This was also an attempt to assimilate Nuwu, to get them move closer to settlers and learn to “live like white people." These assimilation programs are ongoing:
This 1875 photograph, “Baptism of Shivwits Indians,” shows a See Veets'Eng man being baptized by Mormon leader Daniel D. MacArthur in front of 130 other See Veets'Eng People. Nearly every person in the image is next-to-naked and has a bob-style haircut.
Shannon Martineau Anderson, a See Veets'Eng member says, "When you're in mourning you cut your hair... (If) you look at the pictures before the 1800's, we had long hair, that was before death hit us... every one of them (in this photo) had recently lost...an immediate family member."
Earth and Heaven: An Ecological History of the St. George Temple – or one People's earthly material is another's stolen land and life.
Or if we thank the people for their labor, why not thank the land for its labor? Or does faith in a patriarchal, creationist God make it harder to directly relate with the (feminized) land? Or does belief in Jesus's Second Coming and its related terraphobic myths of antecedent global destruction cause its believers to do little about the intersecting climate, biological diversity, and extinction crises?
To understand settler-colonialism, first understand that everything is land and that Christian and Western philosophy helps us ignore this.
“Land is life. Thus contests for land can be contests for life.” - Patrick Wolfe
The oldest continually used Mormon temple was built with and on stolen Nuwu land and caused the genocide of the Kaibab Nuwu. Its website doesn’t mention this, but does say that Mormons “used earthly materials to rise above the material and the earthly.”
Its foundation is Nuwu basalt cut from the mesas to its west. Its walls are Nuwu sandstone cut from the endangered desert tortoise habitat to its north. Its roof and steeple are Nuwu ponderosa pines cut from a sacred Nuwu mountain to its south. Its decor is made from cotton seeds grown in Nuwu soils and irrigated with Nuwu waters, and from silk taken from silkworms, who were boiled alive after being fed on mulberry leaves grown in Nuwu land.
This temple’s website offers no thanks to the Nuwu for their land, nor to the silkworms, mulberry trees, cotton plants, ponderosa pines, sandstone, or basalt. Though they do express gratitude to their God who “didst provide.”
Laborers who built this temple were paid mostly in cattle meat and dairy. The cattle (paid to the church as tithes) lived on Kaibab Nuwu grasses and waters at Pipe Spring.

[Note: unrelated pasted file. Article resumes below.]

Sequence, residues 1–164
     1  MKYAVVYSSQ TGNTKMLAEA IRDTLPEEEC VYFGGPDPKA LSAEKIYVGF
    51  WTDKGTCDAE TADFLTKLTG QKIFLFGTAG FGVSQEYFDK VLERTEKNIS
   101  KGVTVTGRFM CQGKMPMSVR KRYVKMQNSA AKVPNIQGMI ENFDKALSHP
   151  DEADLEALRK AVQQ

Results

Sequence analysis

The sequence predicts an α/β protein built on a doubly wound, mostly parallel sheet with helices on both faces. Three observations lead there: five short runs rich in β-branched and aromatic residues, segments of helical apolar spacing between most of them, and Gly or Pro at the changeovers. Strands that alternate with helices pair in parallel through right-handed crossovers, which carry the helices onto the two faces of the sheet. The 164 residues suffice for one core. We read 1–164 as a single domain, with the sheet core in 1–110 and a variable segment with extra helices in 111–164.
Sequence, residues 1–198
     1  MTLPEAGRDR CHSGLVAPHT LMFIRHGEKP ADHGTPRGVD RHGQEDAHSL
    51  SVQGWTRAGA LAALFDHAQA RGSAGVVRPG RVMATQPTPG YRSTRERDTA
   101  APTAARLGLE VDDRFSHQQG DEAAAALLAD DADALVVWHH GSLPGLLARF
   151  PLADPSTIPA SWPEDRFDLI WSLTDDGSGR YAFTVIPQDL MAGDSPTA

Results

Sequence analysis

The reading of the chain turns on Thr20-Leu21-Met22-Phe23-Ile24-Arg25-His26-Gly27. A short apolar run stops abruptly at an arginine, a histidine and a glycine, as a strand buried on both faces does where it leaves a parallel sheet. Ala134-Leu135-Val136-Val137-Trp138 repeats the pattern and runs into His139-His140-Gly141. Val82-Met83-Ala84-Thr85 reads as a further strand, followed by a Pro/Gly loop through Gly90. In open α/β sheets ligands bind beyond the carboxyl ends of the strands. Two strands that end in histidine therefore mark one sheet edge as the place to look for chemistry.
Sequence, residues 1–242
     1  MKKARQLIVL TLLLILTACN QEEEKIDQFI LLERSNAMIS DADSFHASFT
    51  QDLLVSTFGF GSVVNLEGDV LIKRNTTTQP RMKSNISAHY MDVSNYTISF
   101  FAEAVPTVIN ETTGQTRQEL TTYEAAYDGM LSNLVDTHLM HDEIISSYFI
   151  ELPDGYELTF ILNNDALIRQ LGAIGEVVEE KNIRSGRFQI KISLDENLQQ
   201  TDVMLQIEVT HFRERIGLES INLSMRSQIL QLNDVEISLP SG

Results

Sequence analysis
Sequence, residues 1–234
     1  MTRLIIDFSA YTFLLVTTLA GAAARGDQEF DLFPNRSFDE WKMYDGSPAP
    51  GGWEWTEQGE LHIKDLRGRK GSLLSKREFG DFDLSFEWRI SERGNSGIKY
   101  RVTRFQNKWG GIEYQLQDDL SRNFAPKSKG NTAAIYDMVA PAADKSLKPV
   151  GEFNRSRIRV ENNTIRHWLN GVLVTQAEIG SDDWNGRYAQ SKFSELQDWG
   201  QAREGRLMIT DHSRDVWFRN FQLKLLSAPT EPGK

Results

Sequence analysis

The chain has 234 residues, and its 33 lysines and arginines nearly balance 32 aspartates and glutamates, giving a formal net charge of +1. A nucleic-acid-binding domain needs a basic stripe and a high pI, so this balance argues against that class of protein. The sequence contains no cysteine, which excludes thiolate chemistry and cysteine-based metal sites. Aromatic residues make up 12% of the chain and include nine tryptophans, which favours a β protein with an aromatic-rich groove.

When Jacob Hamblin first saw this oasis the grasses were belly high to a horse. 30-years later he wrote, “The Kaibab are in very destitute circumstances; fertile places are now being occupied by the white populations. The grass and plants that produced food for natives is all eat out by stock.”
In 40-years, the Church who grazed the cattle that fed the laborers who built the temple caused mass death among the Kaibab Paiutes, more massive by % of population lost than the prior ~400 years of Spanish colonization.
This temple’s website says that the work done within “rise(s) above the material and the earthly” toward something sacred.
Patrick Wolfe says that “settler colonialism destroys to replace”
Mormon Prophet Brigham Young once said, "There are multitudes of spirits in the world. Everything we see (...) has got its own peculiar spirit (...) Is there life in these rocks and mountains? (...) There is."
Yet today, this church refers to these stones as raw material. Why and when did the earth become so lifeless in Mormonism?
Additionally what stories are being unspokenly told when we cover black basalt and red sandstone with white plaster to render them pure and holy?
I am nicholas b jacobsen, an artist, researcher, historian, educator, and organizer. I am a trans-non binary Euro-settler raised in the Nuwu lands of so-called Utah. My family has been Mormon and Utahn for as long as either of those concepts have existed. My ancestors sacrificed everything--their identities, homelands, jobs, health, & safety to become Mormon, Utahn, U.S. American, & white--to settler their Zion. They also sacrificed their humanities as they committed genocide against Kuttuhsippeh (Goshute), Timpanogos Shoshone, Shoshone-Bannock, Eastern Shoshone, Ute, Nuwu (Southern Paiute), and Diné (Navajo). Because my ancestors made my home through Indigenous genocide in their home/lands––I take it as my personal responsibility to unsettle what my ancestors settled, while helping my fellow settlers do the same through reading, writing, art, and community building.